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Markets Crashing After-Hours...Does anyone know why?

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February 05, 2009 – Comments (12)

It's only been 45 min. since the markets have closed and yet the numbers are VERY ugly at this point.

Dow -124.00 -1.55% 7,870.00

NASDAQ -44.25 -3.58% 1,190.25

S&P -18.50 -2.20%

I haven't been able to find any reason for this (other than the obvious - that the fundamentals of our economy are in the toilet right now).







12 Comments – Post Your Own

#1) On February 05, 2009 at 5:31 PM, Varchild2008 (83.69) wrote:

Yea.. I know why....

....

....

What I don't know is why in the *&^% did the market trade up today?  Get a load of the Unemployment Numbers, the Retail Sales, the Factory Orders Meltdown lately?

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#2) On February 05, 2009 at 5:36 PM, Seano67 (65.03) wrote:

I'd expect a little bit of profit taking after an up day like today, but beyond that, I have no idea.

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#3) On February 05, 2009 at 5:39 PM, bridgeboy0 (30.66) wrote:

I don't see the market down very much at all after hours.  Not sure where you're getting your data.

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#4) On February 05, 2009 at 5:43 PM, cubanstockpicker (20.63) wrote:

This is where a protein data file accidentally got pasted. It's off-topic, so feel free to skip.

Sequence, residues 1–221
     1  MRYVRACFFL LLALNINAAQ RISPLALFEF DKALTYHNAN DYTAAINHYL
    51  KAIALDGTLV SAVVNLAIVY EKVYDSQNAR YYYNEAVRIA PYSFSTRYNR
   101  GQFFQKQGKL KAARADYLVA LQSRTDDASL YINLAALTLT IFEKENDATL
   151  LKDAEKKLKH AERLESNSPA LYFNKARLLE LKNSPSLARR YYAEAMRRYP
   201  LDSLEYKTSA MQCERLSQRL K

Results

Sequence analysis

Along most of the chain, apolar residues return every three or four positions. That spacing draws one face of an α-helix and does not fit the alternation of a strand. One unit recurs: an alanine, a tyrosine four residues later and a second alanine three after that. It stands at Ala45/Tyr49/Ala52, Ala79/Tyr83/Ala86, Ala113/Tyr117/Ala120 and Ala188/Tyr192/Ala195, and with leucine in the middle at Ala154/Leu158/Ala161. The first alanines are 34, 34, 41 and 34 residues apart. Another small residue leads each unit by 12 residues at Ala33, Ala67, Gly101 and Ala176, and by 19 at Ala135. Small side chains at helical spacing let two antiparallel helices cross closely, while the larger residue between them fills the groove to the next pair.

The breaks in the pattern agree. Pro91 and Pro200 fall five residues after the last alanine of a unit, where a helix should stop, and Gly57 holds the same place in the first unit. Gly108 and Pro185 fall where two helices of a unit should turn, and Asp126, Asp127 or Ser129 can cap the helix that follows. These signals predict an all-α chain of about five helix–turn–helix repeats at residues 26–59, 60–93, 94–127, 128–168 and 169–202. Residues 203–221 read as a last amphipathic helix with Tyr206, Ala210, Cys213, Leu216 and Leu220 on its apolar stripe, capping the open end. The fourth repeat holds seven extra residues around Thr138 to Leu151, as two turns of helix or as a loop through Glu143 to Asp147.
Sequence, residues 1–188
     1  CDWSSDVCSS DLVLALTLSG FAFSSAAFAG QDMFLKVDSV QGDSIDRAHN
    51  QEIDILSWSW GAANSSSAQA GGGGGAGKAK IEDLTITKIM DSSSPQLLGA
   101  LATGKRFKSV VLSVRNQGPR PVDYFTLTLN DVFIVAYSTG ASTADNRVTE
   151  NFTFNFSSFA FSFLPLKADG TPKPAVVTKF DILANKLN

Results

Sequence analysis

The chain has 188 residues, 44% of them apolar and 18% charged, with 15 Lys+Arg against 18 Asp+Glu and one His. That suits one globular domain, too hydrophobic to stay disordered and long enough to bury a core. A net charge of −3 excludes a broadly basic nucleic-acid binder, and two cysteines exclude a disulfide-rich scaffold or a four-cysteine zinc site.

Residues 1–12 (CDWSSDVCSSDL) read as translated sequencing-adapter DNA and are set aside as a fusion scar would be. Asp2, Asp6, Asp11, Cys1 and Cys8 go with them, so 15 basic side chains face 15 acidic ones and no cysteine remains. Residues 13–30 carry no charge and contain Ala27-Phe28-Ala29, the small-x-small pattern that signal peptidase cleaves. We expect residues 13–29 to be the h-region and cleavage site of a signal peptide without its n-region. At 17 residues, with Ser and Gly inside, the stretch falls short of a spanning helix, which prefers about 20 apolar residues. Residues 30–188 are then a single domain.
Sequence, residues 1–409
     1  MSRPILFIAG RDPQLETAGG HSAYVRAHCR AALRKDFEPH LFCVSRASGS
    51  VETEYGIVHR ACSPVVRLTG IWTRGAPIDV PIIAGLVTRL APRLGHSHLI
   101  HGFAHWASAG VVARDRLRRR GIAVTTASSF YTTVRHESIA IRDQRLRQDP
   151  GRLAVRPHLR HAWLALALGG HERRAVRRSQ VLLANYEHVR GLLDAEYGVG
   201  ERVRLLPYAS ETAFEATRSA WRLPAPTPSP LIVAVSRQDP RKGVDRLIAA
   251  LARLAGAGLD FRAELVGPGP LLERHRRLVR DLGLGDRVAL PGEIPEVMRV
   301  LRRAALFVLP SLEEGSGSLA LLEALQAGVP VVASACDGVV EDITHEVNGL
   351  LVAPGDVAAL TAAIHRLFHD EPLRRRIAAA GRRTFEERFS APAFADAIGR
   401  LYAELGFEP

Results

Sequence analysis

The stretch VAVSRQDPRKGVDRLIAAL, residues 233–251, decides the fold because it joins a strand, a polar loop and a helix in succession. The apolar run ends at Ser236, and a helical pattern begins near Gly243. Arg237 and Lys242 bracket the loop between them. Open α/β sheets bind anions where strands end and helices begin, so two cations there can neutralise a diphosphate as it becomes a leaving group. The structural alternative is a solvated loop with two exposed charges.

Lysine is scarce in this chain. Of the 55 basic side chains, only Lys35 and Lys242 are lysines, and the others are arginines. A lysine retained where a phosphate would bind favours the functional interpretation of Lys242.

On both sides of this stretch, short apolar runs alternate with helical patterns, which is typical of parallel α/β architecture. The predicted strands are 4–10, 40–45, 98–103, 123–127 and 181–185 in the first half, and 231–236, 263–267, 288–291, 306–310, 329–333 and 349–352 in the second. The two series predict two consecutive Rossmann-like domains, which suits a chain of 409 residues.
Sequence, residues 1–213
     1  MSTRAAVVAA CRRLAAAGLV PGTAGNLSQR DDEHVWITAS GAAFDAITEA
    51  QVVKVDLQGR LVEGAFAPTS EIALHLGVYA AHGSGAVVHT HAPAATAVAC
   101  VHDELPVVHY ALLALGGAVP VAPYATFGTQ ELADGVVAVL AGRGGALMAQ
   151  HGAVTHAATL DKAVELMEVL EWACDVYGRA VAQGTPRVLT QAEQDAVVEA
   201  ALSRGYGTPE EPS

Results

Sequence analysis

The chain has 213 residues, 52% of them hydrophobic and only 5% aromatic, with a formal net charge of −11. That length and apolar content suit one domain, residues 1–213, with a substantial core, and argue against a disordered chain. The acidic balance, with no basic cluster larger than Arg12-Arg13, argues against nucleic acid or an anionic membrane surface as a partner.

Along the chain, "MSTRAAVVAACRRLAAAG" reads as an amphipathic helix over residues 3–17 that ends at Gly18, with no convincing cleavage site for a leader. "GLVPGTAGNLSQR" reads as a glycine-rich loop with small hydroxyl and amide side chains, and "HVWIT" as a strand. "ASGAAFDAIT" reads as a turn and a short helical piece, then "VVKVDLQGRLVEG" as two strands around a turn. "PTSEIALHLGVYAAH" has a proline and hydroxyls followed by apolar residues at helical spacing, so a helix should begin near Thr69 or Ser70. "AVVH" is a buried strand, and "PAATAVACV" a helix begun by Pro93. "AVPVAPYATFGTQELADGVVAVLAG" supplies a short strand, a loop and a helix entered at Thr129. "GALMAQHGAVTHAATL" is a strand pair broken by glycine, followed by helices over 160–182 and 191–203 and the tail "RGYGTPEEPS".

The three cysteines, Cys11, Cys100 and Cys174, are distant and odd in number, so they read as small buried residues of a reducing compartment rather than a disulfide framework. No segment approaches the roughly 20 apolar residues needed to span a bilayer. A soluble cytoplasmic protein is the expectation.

varchild, the most frustating thing about these bear market rallys is that they go up on the dumbest of reasons. The homebuilders for example have gone up on average 20%, the only reason being the improvement of existing home sales. SO what does that have to with the price of tea in china? Nothing, the trend is actually agains the builders for the long haul. With over 18 months of inventory in the bigger states, az, ca, fl, nev, and with an equally long amount of time to go through the rest of the existing and new foreclosures clogging up the courts, the government will buy these assets and resell at bottom dollar prices.

Definitely not good for retail home sales where they want to charge and extra 10% for granite counters. wood cabinets and marble floors. Well why buy the new one, when the equally fitted home sold in 04 is going for 50% less than the new one?

So how does this bode for homebuilders? nothing at all, there isnt one bull reason for these stocks to trade up, but they do.

So its a bear market rally.

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#5) On February 05, 2009 at 5:52 PM, Seano67 (65.03) wrote:

So how does this bode for homebuilders? nothing at all, there isnt one bull reason for these stocks to trade up, but they do.

 

True. You can kind of throw logic right out the window here. In my opinion people are buying now based more on hope, emotion and sentiment rather than any widespread good news economically. 

 

I know the banks were up big today because people are all hyped-up over President Obama's bank rescue plan to be released next Monday I believe. That's just hope right there, the hope that this plan is actually going to work and help these banks out. I'm hopeful too, but we'll just have to wait and see.